If your property doesn’t sit in a conservation area or is a flat, you own permitted development rights. This means that you can develop the loft space without the need for planning permission. However, always check with the authorities before commencing any structural work.
The Cost of Mansard Loft Conversion
The cost of Mansard loft conversion is a factor of several variables. The first factor is the property’s size, and the second is the quality of the finish. The modification entails significant structural changes to the entire sloping face of the roof to a near-vertical.
The change is not possible without significant changes to the house’s structure, which comes at a high cost. The finish also depends on what you want to install on the final design.
For example, if you want a bathroom, you’ll have to meet the suite’s costs and elements of finishing. These costs can add up to several thousand pounds. Overall, Mansard roof extension projects cost between £45,000 and £65,000. The prices fall into the following categories:
Loft Conversion Plan Costs
You need an architect or surveyor to draw up plans for the conversion. The drawing should take into account all the required structural alterations. The cost can be approximately £1,000.
Planning Permission Costs
As discussed above, you require planning permission before engaging in a loft conversion project. Having the plans approved will cost approximately £172.
Building Regulation Costs
The local department of building regulations will have to inspect your loft conversion. This is regardless of your planning status. Their work ensures the building complies with the rules and guidelines of structural projects. They check things like ease of access, strength of the floor, and fire safety.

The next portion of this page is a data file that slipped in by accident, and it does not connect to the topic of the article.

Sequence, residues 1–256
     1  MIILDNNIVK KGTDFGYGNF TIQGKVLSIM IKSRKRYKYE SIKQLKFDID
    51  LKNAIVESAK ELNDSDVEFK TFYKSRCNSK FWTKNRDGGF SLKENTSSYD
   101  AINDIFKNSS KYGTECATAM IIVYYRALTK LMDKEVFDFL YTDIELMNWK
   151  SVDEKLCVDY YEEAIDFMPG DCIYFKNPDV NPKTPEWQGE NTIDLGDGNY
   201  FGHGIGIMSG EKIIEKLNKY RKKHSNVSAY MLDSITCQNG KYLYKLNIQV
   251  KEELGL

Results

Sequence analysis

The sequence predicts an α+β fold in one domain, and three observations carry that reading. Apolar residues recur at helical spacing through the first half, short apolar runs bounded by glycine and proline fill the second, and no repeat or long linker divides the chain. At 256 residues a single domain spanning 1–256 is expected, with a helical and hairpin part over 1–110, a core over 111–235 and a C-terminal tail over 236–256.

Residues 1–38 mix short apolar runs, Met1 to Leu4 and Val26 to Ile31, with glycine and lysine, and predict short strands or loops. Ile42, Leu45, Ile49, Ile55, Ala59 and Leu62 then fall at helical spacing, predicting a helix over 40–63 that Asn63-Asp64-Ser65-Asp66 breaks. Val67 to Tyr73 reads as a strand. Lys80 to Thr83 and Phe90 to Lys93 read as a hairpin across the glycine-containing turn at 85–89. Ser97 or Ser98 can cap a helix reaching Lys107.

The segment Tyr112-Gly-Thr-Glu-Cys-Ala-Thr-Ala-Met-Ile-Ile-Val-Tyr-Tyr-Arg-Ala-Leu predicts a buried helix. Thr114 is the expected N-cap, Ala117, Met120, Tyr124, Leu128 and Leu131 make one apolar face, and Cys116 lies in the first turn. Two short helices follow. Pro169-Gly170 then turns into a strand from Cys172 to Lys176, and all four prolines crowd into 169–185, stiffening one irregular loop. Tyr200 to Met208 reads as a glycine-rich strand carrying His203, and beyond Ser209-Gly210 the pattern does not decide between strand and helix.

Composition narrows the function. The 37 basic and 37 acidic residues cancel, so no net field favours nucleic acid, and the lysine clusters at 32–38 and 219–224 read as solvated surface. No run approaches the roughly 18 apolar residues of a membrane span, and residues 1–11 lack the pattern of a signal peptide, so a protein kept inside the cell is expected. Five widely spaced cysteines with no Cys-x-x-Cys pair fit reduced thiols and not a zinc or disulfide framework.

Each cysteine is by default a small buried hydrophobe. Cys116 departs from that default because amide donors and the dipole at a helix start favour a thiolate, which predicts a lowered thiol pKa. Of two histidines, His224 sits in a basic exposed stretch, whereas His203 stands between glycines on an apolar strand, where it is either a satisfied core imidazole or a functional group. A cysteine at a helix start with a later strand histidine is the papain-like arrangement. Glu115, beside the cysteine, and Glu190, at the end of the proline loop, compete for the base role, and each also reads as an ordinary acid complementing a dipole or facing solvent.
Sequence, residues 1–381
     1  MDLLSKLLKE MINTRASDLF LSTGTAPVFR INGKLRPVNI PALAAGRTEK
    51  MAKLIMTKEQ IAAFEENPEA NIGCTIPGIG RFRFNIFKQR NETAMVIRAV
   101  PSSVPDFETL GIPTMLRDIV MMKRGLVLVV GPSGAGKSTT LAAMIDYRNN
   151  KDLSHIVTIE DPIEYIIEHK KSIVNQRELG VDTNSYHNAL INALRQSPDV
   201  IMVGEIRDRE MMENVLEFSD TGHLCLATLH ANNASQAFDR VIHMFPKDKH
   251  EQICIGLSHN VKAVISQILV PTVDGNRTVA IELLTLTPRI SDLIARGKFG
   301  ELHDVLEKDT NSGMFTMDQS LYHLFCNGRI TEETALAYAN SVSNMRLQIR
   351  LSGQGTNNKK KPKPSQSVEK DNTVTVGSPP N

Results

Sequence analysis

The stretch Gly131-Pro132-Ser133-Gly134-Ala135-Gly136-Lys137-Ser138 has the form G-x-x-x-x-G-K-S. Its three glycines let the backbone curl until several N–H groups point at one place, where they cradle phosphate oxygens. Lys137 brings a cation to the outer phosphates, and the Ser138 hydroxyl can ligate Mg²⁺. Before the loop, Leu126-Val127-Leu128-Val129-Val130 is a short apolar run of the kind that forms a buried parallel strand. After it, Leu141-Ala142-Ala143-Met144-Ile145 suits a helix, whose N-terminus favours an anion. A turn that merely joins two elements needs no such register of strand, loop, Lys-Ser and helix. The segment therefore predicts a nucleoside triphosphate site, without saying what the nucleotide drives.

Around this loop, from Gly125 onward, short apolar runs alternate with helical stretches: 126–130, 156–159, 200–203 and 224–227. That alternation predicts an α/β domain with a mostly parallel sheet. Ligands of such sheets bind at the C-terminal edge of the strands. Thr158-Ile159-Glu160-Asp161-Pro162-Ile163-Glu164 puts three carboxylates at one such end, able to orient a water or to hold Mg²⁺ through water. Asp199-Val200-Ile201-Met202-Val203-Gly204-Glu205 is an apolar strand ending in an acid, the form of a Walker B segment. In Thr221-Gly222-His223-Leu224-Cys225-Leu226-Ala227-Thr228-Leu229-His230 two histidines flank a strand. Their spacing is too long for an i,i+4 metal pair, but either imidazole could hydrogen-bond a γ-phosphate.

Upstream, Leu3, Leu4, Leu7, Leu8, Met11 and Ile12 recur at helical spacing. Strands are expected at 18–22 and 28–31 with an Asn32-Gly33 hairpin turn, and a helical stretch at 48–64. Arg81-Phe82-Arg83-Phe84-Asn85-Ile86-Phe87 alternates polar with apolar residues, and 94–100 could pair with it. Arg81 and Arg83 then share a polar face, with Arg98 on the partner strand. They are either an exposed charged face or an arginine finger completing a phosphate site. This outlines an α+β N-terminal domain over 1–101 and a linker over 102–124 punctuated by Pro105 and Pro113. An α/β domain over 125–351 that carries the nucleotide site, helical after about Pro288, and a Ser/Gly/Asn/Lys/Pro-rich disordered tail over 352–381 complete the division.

On-site inspections and plan submissions will cost you anything between £400 and £800. The party wall agreement also comes at a fee, and you’re also liable for any damages that may happen to their home during construction. The cost of this depends on the complexity of the agreement.
Another potential cost is a bat survey that can cost up to £400. However, this is only necessary if you think your loft might have bats.
A Mansard loft conversion is the best approach to having an extension of your house on the roof. Having a Mansard bedroom on top of the house is a viable option when you don’t have much space on your property.
Mansard roof extensions come in various designs, including L-shaped and double Mansard. Each plan has a set of advantages. When choosing, consider your needs, like how much space you need in the extension.
Be prepared for the costs, which can be anything up to £65,000. They include planning and approval costs, as well as site inspection and party wall agreement costs. However, to keep these costs down, ensure you only use services from professional tradespeople.
If you’d like more than the Mansard extension designs, there are varieties to choose from, including the dormer and L-shaped dormer conversions. Other options are Velux soft, roof terrace, back addition, hip-to-gable, and L-shaped hip-to-gable loft conversions. Ensure you understand what each entails and what you can achieve from the designs before you decide.